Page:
Go for gold – ratify UN treaty

A commentary piece in the Straits Times, calling for more countries to ratify the Convention on the Rights of Persons with Disabilities, which is one of the newest international UN conventions.

For more details on the convention, visit the sites below.
Secretariat for the Convention on the Rights of Persons with Disabilities
Committee on the Rights of Persons with Disabilities

Sep 12, 2008
RIGHTS OF THE HANDICAPPED
Go for gold – ratify UN treaty
By Khalid Malik
EVEN as we celebrate the remarkable athletes who are participating at the Beijing 2008 Paralympic Games, we should reflect on the rights of all people with disabilities. We should hail the 192 United Nations member-states who approved the Convention on the Rights of Persons with Disabilities two years ago, but keep in mind that only 36 of them have ratified the Convention thus far.

People with disabilities are the world’s largest minority. There are more than 650 million of them in the world. China alone, which signed the Convention in June, has 83 million people living with disabilities, of whom 20,000 are newly disabled as a result of the Sichuan earthquake.

If ratified by all nations, the Convention would create a better world for everyone. It aims to ensure that handicapped people enjoy the same rights and basic freedom as all others. If implemented, it could help fulfil the potential of roughly 10 per cent of the world’s population.

Countries that sign it are required to protect the rights of their handicapped in economic, social and cultural fields. It calls for equal access to primary and secondary education, the right to the highest attainable standard of health without discrimination, equal rights to work and equal participation in political and public life.

Unemployment among the disabled is as high as 80 per cent in some countries. Employers often assume that persons with disabilities are unable to work. Up to 90 per cent of children with disabilities in developing countries do not attend school.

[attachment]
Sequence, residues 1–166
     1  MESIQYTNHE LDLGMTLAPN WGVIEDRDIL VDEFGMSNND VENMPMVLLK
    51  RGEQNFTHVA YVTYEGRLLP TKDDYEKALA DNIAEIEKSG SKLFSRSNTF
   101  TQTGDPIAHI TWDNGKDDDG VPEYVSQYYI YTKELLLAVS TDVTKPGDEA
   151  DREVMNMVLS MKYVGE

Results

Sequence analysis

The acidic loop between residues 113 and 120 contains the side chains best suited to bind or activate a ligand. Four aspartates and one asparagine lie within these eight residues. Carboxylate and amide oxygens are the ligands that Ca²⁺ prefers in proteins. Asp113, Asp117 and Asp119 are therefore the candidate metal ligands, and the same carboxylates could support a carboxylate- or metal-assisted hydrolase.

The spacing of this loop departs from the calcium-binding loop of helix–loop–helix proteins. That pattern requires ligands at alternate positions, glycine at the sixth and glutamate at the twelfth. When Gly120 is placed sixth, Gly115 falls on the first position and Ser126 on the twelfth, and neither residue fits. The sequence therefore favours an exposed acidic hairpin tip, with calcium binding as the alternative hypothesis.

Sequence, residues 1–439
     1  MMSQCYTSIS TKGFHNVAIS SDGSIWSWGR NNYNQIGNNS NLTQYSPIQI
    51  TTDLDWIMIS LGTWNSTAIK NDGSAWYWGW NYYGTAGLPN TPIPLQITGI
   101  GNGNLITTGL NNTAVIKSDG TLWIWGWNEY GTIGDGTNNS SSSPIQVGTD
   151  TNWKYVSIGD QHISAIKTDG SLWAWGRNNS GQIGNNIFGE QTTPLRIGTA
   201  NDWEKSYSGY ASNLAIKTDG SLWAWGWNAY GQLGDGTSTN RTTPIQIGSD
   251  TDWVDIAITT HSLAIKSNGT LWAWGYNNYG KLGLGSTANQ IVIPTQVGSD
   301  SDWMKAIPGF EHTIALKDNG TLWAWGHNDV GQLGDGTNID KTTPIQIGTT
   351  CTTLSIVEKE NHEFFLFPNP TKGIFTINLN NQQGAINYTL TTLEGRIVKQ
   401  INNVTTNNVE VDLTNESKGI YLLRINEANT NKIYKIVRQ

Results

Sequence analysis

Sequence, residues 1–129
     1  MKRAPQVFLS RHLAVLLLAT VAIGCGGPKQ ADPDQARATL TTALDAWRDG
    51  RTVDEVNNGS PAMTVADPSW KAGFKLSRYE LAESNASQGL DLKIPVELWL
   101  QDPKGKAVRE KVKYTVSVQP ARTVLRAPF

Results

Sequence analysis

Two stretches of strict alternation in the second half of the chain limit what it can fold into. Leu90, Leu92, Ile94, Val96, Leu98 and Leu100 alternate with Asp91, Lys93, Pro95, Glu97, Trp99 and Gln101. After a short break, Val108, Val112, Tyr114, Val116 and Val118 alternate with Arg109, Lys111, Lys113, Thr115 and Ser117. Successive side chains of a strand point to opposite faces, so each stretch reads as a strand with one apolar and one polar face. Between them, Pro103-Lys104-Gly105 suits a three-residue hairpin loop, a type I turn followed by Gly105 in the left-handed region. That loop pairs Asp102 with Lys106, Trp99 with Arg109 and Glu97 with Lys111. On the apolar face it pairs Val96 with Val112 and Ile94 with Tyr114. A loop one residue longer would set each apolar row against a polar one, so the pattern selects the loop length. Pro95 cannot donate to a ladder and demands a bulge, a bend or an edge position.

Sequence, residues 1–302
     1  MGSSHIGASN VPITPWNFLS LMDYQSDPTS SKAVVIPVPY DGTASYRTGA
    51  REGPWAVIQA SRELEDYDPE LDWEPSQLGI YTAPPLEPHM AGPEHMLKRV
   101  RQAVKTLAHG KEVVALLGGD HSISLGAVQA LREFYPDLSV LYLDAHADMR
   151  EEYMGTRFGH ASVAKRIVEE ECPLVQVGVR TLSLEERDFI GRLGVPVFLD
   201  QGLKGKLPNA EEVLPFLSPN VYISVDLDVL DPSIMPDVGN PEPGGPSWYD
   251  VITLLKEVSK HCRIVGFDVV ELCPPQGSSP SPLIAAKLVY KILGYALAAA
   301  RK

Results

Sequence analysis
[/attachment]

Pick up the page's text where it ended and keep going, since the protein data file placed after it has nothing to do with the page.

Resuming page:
The Paralympic Village, transformed from the Olympic Village, offers special facilities to meet the needs of physically challenged athletes. This includes access to apartments, a hospital, a bank, places of worship and shops. If only the world at large so complied with one part of the Convention, which requires countries to identify and eliminate obstacles and barriers, and calls for access to transportation, public facilities and services for people with disabilities.

We have witnessed remarkable achievements during these competitions that were once considered unattainable. These special Games exemplify the best of the human spirit. We have seen many firsts at the Paralympics. Rowing was added to the programme. More than 4,000 athletes from 148 countries joined to break barriers and attain dreams.

The International Labour Organisation is helping China to develop equal opportunity legislation for people with disabilities in the workplace. It has supported training for employment opportunities, including start-up businesses for entrepreneurs who are disabled. The United Nations Development Programme works closely with the China Disabled Persons’ Federation to promote rights protection for persons with disabilities. More than 500 social workers have been trained in promoting rights protection through better understanding of the law and international norms and services for disabled people. Unicef helped revise the Chinese law on the Protection of Persons with Disabilities, which entered into force in July, with a special provision on disabled children.

Everybody counts. And everybody has rights that must be upheld. Like the striving of a Paralympic champion, ratifying the Convention and safeguarding the rights of the handicapped are attainable, but would require hard work and determination.

We urge those countries which have not signed and ratified the Convention to do so. We urge the involvement of disabled persons organisations in incorporating the articles of the Convention into national legislations. We recommend developing national action plans, with concrete activities, projects and established timelines.

Why not go for the gold?

The writer is the United Nations’ resident coordinator in China

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